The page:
by Jenna Morton
Here's a little groundhog, furry and brown,
He's popping up to look around.
If he sees his shadow, down he'll go.
Then six more weeks of winter
– oh, no!
It’s a pretty big job, forecasting the weather. But Canada is full of little furry guys just waiting to give it their best try!
Each February 2, a series of groundhogs across the country poke their noses out of their warm, little burrows, while crowds gather to see what they’ll predict. The theory goes – if the groundhog sees his shadow, we’re in for six more weeks of wintery weather. If there’s no shadow to be seen, then Spring might just be here sooner than we think.
There are a few go-to groundhogs for the big prediction. Most people can name US-based Punxsutawney Phil, thanks to a certain movie from the 1990s. Ontario’s Wiarton Willy also has a pretty big following. But the earliest predictions happen in Nova Scotia, where folks (usually schoolchildren and their chaperones) gather at wildlife parks to watch Two Rivers Tunnel and Shubenacadie Sam. (New Brunswick tried to start a tradition with Oromocto Ollie a few years ago, but I think the prognosticating paparazzi were too much for him.)
If your little one wants in on the excitement, check out the Sam-Cam. At 8am on Monday, February 2nd, Shubenacadie Sam peeks out his burrow for all the world to see – you can watch from the cozy comfort of your home! His handlers will also be interacting with him for feedings at 11:45am and 4pm, so you have a few chances to see the little fellow through the day. You can also follow him on Twitter.
Here are a few groundhog facts, with thanks to the wonderful Wiarton Willie.
Dig, dig, dig! Groundhogs love to use their short, powerful limbs and sharp claws to burrow into the ground.
Double-double. Groundhogs have two coats of fur, one short and one long, to deal with our cold climate.
Watch out! The groundhog has several enemies, including wolves, coyotes, foxes, bears, hawks, owls, and dogs.
Grub time. Groundhogs chow down on wild grass, alfalfa and other vegetation, berries and agricultural crops. They will also eat bugs and insects.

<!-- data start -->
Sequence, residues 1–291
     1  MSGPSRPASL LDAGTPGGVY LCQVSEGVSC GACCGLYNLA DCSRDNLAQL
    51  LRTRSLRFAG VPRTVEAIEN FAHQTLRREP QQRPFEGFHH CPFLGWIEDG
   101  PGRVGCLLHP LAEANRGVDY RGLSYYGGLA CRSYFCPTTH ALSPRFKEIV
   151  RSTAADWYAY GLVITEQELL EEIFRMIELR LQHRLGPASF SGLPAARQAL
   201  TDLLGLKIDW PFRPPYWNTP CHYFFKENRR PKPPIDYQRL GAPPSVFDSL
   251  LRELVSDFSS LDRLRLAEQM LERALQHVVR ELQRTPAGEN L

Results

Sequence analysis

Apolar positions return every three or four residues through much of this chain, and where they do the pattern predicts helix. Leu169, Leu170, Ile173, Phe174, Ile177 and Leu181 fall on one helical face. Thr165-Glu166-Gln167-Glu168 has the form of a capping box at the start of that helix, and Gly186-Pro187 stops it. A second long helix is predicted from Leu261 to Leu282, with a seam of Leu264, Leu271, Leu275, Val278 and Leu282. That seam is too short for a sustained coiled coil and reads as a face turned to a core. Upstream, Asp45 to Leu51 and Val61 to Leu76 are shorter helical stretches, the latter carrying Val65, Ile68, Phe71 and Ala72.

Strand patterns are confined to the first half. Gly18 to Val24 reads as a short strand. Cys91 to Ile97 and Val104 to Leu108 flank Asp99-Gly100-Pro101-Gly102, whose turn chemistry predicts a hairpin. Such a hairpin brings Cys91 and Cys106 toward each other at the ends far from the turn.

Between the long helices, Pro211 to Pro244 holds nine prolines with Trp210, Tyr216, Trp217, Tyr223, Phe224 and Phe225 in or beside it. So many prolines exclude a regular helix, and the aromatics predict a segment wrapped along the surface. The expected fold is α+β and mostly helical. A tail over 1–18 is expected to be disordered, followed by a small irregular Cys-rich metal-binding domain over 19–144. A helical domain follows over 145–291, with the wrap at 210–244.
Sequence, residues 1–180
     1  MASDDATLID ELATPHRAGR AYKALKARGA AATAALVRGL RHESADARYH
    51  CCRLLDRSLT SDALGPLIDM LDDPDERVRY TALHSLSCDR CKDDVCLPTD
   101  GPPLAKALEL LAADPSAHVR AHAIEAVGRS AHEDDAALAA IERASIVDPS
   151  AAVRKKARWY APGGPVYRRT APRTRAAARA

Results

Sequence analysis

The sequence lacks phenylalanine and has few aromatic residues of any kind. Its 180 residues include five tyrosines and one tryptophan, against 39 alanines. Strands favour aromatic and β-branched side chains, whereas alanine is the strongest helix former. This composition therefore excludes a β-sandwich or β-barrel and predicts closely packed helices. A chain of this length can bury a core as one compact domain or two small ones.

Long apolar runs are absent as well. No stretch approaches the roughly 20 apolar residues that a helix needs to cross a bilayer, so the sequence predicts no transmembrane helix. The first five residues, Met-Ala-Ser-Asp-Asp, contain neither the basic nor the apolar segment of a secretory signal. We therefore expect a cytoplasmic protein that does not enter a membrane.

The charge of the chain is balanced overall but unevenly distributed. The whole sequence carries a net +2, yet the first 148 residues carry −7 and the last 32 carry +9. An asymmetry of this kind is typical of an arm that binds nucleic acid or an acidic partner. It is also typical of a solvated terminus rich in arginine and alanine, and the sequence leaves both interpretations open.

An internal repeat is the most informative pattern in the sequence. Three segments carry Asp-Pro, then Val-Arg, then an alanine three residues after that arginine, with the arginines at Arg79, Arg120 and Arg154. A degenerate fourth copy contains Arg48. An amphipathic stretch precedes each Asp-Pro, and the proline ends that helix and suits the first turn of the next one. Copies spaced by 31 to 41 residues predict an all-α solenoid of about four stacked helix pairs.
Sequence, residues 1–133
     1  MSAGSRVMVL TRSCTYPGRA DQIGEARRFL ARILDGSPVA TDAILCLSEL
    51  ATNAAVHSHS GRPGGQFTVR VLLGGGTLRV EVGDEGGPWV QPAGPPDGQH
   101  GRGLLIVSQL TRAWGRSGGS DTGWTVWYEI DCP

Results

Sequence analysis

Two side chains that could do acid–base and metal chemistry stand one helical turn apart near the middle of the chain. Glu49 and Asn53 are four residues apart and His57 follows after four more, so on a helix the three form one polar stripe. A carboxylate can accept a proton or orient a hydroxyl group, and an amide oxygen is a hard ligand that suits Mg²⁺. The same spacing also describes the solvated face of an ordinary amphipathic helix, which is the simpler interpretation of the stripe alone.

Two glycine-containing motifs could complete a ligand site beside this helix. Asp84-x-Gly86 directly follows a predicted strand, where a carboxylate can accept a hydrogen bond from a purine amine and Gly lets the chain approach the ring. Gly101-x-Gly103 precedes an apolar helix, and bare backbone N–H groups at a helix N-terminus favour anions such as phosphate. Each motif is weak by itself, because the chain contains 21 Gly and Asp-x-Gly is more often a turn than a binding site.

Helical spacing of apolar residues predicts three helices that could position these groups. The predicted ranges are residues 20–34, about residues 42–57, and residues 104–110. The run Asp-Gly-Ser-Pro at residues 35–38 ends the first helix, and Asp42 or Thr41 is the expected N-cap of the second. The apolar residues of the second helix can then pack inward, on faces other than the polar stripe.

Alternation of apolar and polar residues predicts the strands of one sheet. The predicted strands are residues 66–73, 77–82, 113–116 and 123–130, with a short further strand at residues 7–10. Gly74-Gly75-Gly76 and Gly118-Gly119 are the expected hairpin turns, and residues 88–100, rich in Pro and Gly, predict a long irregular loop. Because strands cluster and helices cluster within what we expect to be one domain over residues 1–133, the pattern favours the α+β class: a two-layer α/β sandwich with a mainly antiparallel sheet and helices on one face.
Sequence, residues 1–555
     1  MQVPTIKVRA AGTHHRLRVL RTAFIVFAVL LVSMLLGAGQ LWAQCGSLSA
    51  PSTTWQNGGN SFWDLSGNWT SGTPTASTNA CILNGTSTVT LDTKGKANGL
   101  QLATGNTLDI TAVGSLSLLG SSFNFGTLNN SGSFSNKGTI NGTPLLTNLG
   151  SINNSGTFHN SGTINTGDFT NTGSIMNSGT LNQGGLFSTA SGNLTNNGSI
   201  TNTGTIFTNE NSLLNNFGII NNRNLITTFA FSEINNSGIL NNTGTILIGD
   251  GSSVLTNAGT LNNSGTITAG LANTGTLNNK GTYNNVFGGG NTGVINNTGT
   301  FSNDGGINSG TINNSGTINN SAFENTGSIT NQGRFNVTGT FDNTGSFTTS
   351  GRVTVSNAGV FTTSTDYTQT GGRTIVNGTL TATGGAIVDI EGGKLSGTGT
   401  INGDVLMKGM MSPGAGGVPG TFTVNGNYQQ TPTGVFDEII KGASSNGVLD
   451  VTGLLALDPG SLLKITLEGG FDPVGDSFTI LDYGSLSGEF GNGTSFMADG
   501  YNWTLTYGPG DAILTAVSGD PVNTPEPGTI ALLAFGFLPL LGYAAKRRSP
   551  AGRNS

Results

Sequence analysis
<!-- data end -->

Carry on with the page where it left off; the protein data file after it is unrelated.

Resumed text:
Sleep tight. Non-weather predicting groundhogs are one of the few species that enter into true hibernation, staying dormant from October to March/April.
Since Moncton doesn’t have its own furry weatherman, here’s how you can build your own!
You’ll need: paper (two shades of brown and white work great), black crayon or maker, googly eyes (optional), popsicle stick, small tube (toilet paper works great, so does a plastic cup), cotton balls/green tissue paper (optional).
Cut out three heart shapes, one on each colour paper. Two hearts, one white and one brown, should be roughly the same size, while one should be larger. You’ll have to judge by the size of your paper tube; you want the groundhog to be able to fold in half and slide down into the tube.
Glue the two smaller hearts on either end of the larger one, to make ears and teeth.
Use a marker or crayon to draw on a nose (the heart shape works, or a triangle), a few whiskers, and eyes if you’re not using googly eyes. (If you are, glue them on now. You could also find some black paper or ribbon to use for the nose and whiskers, depending on your stash of goodies and your child’s level of dexterity/interest.)
Glue the groundhog to the popsicle stick.
If you have the time/supplies/desire, decorate the top (or all!) of your tube. If you’re optimistic, perhaps you’ll go with some green tissue paper for grass. We chose some cotton balls to look like snow; white paper would also do the trick. (You can also use a styrofoam or plastic cup with a slit cut in the bottom to hold your groundhog; you can decorate the outside just the same.)
Feel free to name your little guy or gal (we created Boundary Creek Bob, Salisbury Sally, and Moncton Marvin) and chime in with your groundhog prediction. Given Monday’s forecast for Moncton, even if all the groundhogs predict an early Spring, I feel like we’ve got enough snow to last at least six more weeks!